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What does Zimbabwe’s insignificant smartphone penetration mean?

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Don’t let those astounding numbers on Zimbabwe’s mobile phone penetration rate (90.3% in the last quarter) fool you, when it comes to using phones for broadband, we are not as advanced and are far from “smart”.

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According to Econet’s latest financial results, the smartphone penetration on its network is approximately 15%. That’s pretty close to the national figure, largely because of Econet’s massive chunk of mobile broadband subscribers. POTRAZ, the regulator doesn’t issue that so we estimate it to be hovering somewhere close to that 15%.

This means that the majority of mobile communications are conducted via feature phones and basic cellphones with the actual smartphones accounting for a small portion. Simply put, smartphones are not yet as popular, or rather widespread, as we all would like to believe.

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There are three basic categories of mobile phones; the “dumb phone”  aka mbudzi, the feature phone and then the smartphone. The dumb phones provides the basic functions like calling and messaging via SMS. A feature phone has a fixed set of functions beyond voice calling and text messaging (PC Mag) such as web browsing and email.

A smartphone on the other hand has all the other features you would find on a computer with the added advantage of mobility. The difference between a smartphone and a feature phone is becoming more and more difficult to tell which augurs positively to the data consumption statistics possibly encroaching to 20%.

What does this 15% mean really?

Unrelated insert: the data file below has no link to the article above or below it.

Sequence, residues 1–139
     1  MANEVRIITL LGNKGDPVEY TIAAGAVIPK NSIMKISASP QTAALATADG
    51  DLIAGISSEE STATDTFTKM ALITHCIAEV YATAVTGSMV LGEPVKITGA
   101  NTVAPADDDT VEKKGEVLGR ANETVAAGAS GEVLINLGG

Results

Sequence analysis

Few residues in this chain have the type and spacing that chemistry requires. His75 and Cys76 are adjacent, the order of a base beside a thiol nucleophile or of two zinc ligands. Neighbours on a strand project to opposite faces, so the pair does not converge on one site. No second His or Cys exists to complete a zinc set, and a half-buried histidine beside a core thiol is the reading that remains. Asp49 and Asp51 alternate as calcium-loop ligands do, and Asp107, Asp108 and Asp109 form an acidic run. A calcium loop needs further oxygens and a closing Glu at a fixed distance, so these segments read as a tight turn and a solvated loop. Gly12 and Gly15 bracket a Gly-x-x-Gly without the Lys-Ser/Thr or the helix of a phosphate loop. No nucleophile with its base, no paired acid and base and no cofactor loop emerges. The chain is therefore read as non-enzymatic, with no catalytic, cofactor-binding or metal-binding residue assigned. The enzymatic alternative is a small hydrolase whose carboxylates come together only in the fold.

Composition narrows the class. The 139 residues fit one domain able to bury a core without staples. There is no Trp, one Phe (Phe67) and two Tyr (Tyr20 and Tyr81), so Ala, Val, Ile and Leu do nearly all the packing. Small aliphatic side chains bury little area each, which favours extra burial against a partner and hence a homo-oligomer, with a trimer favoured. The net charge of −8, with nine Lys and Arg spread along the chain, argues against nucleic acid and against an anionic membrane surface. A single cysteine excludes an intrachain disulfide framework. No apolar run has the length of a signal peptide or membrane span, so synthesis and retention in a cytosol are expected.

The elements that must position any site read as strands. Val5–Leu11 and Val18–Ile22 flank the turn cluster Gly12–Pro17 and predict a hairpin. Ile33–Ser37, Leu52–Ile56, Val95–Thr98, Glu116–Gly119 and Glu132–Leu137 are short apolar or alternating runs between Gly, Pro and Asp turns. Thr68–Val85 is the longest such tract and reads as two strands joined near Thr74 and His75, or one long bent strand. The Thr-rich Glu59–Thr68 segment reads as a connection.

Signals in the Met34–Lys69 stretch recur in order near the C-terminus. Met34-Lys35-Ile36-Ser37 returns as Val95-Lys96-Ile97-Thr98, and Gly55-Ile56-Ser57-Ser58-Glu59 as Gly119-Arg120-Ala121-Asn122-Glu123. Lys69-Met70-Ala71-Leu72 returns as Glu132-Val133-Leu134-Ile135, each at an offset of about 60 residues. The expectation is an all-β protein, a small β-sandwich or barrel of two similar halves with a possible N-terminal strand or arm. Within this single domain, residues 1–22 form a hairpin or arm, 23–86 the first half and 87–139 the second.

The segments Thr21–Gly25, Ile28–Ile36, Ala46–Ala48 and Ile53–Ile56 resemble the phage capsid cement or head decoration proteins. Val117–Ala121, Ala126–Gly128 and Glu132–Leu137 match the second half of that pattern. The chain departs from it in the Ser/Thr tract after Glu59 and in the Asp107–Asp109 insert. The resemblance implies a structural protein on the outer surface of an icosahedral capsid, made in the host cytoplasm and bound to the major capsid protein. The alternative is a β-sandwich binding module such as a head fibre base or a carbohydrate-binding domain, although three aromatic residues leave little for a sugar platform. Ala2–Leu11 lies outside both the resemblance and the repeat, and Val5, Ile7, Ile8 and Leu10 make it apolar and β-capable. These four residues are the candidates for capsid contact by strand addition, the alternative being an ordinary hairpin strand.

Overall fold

The realisation that there are not that many of us with smartphones revealed a number of sobering conclusions. Firstly if these stats are indeed true, MNOs with all their “investing in infrastructure and expansion” should really be in no hurry to upgrade to data enabling technologies like LTE/4G.

This explains the slow movement we’ve seen into 4G rollout and also raises questions on NetOne’s strategy with its $200 million 4G/LTE drive.

I am inclined to believe that we are still to exhaust the capacity created by the current networks. If anything, the cost of expansion will really go to coverage and voice carrying rather than data.

Secondly, in as much as ISPs were laying spaghetti fibre networks across the entirety of the country, it is possible that this new capacity would be largely idle were it not for voice. I strongly feel that we now have a huge backhaul network that is underutilised and has not found a retail plan to match the investment.

This could be possibly why data is still very expensive. Given the fact that internet consumption is largely via mobile devices, it is telling that with the 15%, consumers are largely not “biting”.

There have been concerted efforts to roll out FTTH solutions but the current pricing of common WiFi offloading such as the TelOne’s $1 for 100 MB shows that we are not yet we would desire to be.

We can, of course, talk about the broadband consumption by corporates, but that only goes on to prove that after working hours that capacity is largely idle.

Thirdly, to the developing ICT community, it means that if you are an entrepreneur and you are looking to develop the most widely used VAS services and you have based it on data consuming mobile applications, you are most likely going to service a fewer constituency than 15% of mobile phone users.

This is evidenced by the fact that we cannot track the successes of most applications developed locally and downloaded on the various play stores for Android, iOS or Windows (the major smartphone OS).

A look on the non-smart side of VAS provision will, however, tell a different story. A good example is how the combined total of Zimpapers and Alpha Media news applications can easily boast of over 500,000 subscribers via SMS.